JAMAICA-ENVIRONMENT-Government pleased with efforts to safeguard environment.
In addition, Holness says the ban 'is going to create opportunities for innovative business people to fill the demand (for alternatives)'.
The ban on single-use plastics, implemented in January 2019, relates to the importation, manufacture and use of plastic bags of dimensions 24'x24' and thickness of 1.2 millimetres or less; the importation, manufacture and use of plastic drinking straws, except those attached to juice boxes and tetrapaks as well as straws utilised by the medical sector and the disabled community.
The ban became effective January 1, this year and the government imposed a ban on the local manufacture, distribution and use of expanded polystyrene foam products, commonly called styrofoam, which is utilised in the food and beverage industry.
Holness, who addressed the just-concluded Jamaica Stock Exchange (JSE) 15th Regional Investment and Capital Markets Seminar, said the measures that formed part of broader initiatives aimed at safeguarding the environment, had 'incredible' public support.
'I see people coming out of the supermarkets and they are now carrying their (environmentally friendly) bags. Additionally, if they get a nice big plastic shopping bag from overseas, they don't throw it away; they keep it and reuse it. So [persons] are finding alternatives,' he said.
He said there is also strong support for the government's project targeting the planting of three million trees over the next three years, particularly from corporate stakeholders.
'Three million trees will not necessarily mark a massive increase in our reforestation effort, but it is a start. It will help to sequester carbon dioxide, restore some of our mangroves, stabilise some of our steep hillsides, and it will generally improve the aesthetics of the country. We invite all Jamaicans to join in that effort,' he said.
Pointing to other measures being undertaken to safeguard the environment, Holness said that consideration is being given to how best to manage motor vehicle emissions and determine the allowable standards.
'We're not there yet, but the government is in this advanced process of thinking it through. We will have to have a policy for the full introduction of electric vehicles... and we are now developing that policy... thinking it through as to what that will mean,' he said.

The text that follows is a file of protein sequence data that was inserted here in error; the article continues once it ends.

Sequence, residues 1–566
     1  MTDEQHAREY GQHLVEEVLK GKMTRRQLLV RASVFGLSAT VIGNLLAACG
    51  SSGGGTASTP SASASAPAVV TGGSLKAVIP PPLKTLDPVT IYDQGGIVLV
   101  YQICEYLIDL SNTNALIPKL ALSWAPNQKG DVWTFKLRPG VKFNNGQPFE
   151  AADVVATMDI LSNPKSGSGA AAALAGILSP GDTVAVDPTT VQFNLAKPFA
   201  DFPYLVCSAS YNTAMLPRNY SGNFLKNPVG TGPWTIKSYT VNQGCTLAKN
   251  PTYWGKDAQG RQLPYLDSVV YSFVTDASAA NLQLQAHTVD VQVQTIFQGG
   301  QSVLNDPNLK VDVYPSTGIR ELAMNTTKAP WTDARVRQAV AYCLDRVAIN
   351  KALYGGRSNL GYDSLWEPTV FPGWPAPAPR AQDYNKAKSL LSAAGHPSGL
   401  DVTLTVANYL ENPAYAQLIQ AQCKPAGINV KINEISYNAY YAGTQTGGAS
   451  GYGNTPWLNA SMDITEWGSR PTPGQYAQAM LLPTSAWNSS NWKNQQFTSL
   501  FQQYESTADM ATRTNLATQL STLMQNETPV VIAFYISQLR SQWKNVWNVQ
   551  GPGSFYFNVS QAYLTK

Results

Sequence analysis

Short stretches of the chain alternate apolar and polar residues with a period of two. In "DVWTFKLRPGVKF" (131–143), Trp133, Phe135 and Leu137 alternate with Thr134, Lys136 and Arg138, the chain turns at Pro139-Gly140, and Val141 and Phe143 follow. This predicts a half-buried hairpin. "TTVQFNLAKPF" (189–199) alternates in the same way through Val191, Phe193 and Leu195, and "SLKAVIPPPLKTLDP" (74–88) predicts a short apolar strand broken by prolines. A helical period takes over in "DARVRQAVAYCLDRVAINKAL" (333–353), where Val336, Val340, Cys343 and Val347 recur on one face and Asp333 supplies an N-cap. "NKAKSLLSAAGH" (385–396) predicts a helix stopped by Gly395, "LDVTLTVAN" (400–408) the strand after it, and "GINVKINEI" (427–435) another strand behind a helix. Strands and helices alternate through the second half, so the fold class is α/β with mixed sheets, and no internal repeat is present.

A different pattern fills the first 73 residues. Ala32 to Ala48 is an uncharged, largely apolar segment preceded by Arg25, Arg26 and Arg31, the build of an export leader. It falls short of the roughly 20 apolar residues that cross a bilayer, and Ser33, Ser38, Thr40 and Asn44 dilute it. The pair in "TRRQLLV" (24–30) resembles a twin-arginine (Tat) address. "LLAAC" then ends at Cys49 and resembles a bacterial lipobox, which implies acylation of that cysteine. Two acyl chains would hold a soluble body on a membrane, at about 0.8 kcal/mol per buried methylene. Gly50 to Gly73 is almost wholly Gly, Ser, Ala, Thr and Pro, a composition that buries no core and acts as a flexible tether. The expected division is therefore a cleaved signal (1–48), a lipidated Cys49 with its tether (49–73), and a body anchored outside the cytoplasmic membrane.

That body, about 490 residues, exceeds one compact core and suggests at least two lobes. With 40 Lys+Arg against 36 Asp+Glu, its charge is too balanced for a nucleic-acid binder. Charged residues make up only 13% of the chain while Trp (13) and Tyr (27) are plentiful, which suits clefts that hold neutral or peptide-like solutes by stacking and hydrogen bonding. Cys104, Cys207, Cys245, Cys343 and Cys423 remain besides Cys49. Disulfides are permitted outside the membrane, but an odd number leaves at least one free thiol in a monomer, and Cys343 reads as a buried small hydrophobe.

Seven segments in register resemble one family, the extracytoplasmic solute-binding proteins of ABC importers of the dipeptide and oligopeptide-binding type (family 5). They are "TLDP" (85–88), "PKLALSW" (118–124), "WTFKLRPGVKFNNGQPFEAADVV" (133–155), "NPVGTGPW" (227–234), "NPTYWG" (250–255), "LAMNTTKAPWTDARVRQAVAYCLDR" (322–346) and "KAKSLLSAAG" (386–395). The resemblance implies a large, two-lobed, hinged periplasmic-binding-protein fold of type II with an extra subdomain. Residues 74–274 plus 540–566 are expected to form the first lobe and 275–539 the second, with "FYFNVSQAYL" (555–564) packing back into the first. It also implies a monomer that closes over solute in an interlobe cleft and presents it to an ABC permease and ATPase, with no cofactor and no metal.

He said within a few years, electric vehicles will overtake the number of petroleum-powered units being manufactured, and 'we need to get on that train right away... [as] we don't want to be left behind'.
Holness said that Jamaica also has to look at a future where it is not dependent on oil.
'We have abundant sunshine... we have areas with very good wind flow and we have the potential to do pumped hydro storage electricity generation,' he said, noting that steps in this regard are already under way, making reference to the Wigton Windfarm in Manchester, and the recent commissioning of the Caribbean's largest solar plant in Westmoreland.
Holness said that approximately 17 per cent of Jamaica's electricity output is currently powered by renewable options, noting that with recent infrastructural developments, this could increase to as much as 19 per cent.
'It is quite possible [that we could be] generating 50 per cent of our electricity from renewables or even more as technology improves. The government is carefully planning out the pathway to get to this point... in another five years or 10 years. The possibilities exist [and] we are examining all of those,' Holness said.
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|Date:||Jan 27, 2020|
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